In other mediums, we call this an “objective correlative,” a term invented by Washington Allston and popularized by T.S. Eliot. The idea is that certain things, whether objects or characters or even narrative chains of events, serve to spark particular emotions. A cherished possession that goes missing; a loved one assumed lost who returns at the last moment; an infant’s discarded shoe; the low rumble of thunder on the horizon, growing louder and closer. These evoke loss, relief, worry, apprehension. Not universally, but close enough that they become reliable tools for poets and narrators. Why do the same stories repeat? Because they work.
The same goes for board games, both as playthings and as moral objects. Interacting with them may spark feelings and impressions that are entirely subjective, like ships washed up on the shores of our isolas. But these subjective inklings often point toward more objective ideals — not wholly objective, but cumulative, broadly applicable, general. Carefully expressed, these can result in best practices, mechanisms that work well in some genres but not others, even moral goals that ambitious designers may elect to pursue. Subjective thoughts, but not isolated thoughts. Thoughts that are able to communicate something meaningful to minds beyond the self.
And perhaps even reach out and touch them.
“The artist usually sets out — or used to — to point a moral and adorn a tale. The tale, however, points the other way, as a rule. Two blankly opposing morals, the artist’s and the tale’s. Never trust the artist. Trust the tale. The proper function of a critic is to save the tale from the artist who created it.”
— D.H. Lawrence, “The Spirit of Place”
V. Bridging the Spectrum
There are two principal goals, then, to moral criticism. The first is simple: to examine whether a game’s means are worthy of its ends, and in the process show you the contents of my soul. To say, “This made me feel something,” whether clarity or outrage or anything else.
A warning: such speech is always bare. Someone always replies with, “But that same feeling didn’t occur in me.” Firstly, there’s no guarantee it should; these are subjective matters. Secondly, there is nothing noteworthy when nothing happens. When I tell you my car was struck by a meteor, you might as well blurt that yours was not. We know your car remains intact, because intact is the default state of cars, un-meteor-struck, the default state of emotions, unmoved. It’s in the process of revealing one’s cause for emotion that perhaps you too will see the reason and be stirred.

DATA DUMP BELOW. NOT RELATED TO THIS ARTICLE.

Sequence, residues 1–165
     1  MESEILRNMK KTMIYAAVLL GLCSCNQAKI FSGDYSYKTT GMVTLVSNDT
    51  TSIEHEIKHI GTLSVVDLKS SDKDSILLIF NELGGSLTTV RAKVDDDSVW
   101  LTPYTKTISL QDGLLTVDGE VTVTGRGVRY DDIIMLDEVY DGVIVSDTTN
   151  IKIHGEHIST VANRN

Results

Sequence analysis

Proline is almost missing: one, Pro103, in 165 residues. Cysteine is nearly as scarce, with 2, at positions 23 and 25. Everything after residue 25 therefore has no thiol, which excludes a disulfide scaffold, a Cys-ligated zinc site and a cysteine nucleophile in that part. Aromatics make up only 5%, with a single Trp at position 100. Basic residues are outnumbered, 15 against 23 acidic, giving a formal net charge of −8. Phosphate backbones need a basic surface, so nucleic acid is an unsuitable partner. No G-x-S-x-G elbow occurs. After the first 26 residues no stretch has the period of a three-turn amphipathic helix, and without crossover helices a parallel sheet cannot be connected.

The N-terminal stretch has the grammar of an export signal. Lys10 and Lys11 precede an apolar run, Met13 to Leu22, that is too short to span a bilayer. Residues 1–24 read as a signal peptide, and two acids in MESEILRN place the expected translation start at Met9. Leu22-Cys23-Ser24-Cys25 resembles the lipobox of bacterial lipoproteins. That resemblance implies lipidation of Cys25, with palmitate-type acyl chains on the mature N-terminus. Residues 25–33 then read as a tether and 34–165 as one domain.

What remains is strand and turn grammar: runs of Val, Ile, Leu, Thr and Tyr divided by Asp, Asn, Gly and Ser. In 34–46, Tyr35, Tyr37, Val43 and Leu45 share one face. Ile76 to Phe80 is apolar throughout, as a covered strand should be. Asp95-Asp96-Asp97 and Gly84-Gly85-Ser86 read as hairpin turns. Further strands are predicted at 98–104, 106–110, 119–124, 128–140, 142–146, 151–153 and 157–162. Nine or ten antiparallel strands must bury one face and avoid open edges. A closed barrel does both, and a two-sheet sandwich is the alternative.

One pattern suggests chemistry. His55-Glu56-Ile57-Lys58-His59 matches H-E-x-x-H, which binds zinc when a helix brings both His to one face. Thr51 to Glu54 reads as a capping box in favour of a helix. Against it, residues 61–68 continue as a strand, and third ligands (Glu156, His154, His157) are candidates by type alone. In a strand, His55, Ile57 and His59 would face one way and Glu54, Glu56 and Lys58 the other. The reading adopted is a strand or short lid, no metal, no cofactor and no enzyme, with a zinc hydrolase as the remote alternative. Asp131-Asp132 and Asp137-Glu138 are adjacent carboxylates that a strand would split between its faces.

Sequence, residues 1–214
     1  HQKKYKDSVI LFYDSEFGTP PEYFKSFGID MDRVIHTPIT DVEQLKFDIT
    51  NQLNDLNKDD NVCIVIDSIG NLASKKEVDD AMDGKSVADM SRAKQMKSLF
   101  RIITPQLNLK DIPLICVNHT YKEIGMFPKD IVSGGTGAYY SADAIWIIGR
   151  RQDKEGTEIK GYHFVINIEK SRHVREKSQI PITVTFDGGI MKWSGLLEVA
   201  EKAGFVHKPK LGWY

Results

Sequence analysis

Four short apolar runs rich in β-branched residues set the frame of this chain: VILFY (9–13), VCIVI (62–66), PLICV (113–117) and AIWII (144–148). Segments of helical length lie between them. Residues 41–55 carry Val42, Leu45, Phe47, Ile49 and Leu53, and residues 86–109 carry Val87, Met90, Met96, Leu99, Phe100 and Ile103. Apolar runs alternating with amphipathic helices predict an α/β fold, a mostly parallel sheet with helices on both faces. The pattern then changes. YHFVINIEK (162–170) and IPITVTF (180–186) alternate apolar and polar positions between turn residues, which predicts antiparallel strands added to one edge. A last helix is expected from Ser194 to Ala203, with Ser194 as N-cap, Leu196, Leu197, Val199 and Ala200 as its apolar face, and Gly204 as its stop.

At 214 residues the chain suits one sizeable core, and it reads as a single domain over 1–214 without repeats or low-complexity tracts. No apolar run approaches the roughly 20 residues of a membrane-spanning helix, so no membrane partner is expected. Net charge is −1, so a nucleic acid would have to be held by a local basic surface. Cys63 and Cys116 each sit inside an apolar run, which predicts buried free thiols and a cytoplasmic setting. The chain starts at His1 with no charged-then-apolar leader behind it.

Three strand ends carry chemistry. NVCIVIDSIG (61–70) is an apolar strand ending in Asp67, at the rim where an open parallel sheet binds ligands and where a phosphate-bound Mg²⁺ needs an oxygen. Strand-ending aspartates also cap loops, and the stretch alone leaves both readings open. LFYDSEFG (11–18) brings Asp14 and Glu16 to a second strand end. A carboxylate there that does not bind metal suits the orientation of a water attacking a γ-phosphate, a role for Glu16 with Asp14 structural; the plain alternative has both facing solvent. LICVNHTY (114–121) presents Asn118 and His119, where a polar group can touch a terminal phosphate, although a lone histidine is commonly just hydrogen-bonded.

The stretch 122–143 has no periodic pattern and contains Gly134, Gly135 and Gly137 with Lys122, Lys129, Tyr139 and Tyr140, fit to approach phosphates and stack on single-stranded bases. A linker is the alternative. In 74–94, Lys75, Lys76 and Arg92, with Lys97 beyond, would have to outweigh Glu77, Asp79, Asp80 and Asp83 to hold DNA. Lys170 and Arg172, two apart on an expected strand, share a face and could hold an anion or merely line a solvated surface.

Because this is the second goal of such a critique: to move along the spectrum we proposed earlier. This is the process by which individual becomes negotiated. When we talk about what makes a game good, whether as a plaything or a moral object, we cannot help but form objective correlatives between us. Here is what works and what doesn’t. Here is what makes a game accessible, or playable, or able to communicate something important. Some generalities are already becoming more widespread, such as which colors aid the color-blind, that appropriate diversity can benefit a game, that historical games should be cautious of erasure, and so forth. These all arise from moral arguments.
In other words, moral criticism is about constructing a bridge of persuasion. Here is why something matters to me; here is why it ought to matter to you, too. The more robust the bridge, the sturdier it becomes. And although we live alone on our isolas of meaning, those bridges can stretch close enough that we can shout to each other.
In the next installment of Talking About Games, we’ll be talking about scope and relevance in historical game design and critique. But no need to wait — supporters can already find it on Patreon.